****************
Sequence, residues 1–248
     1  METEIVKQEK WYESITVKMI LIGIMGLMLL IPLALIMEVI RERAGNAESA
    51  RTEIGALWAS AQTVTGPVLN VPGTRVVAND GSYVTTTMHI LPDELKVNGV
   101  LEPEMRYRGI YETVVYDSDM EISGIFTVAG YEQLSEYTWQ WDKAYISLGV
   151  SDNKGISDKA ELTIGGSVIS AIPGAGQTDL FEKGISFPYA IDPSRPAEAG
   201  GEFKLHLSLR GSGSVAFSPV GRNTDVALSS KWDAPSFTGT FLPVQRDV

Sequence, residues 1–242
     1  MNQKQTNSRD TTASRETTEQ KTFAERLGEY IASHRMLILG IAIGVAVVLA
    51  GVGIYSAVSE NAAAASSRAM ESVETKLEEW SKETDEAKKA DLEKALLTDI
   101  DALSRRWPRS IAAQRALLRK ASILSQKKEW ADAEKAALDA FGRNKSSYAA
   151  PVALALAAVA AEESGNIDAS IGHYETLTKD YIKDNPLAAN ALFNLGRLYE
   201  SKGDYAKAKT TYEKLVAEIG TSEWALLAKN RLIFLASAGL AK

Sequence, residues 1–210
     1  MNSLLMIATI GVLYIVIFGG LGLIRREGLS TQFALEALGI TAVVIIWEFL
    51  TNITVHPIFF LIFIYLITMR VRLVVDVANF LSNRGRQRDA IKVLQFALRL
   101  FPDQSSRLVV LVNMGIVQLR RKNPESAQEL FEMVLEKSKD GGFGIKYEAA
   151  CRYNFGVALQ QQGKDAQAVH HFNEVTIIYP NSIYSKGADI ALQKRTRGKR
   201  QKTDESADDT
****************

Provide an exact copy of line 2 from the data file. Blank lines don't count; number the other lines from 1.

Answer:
     1  METEIVKQEK WYESITVKMI LIGIMGLMLL IPLALIMEVI RERAGNAESA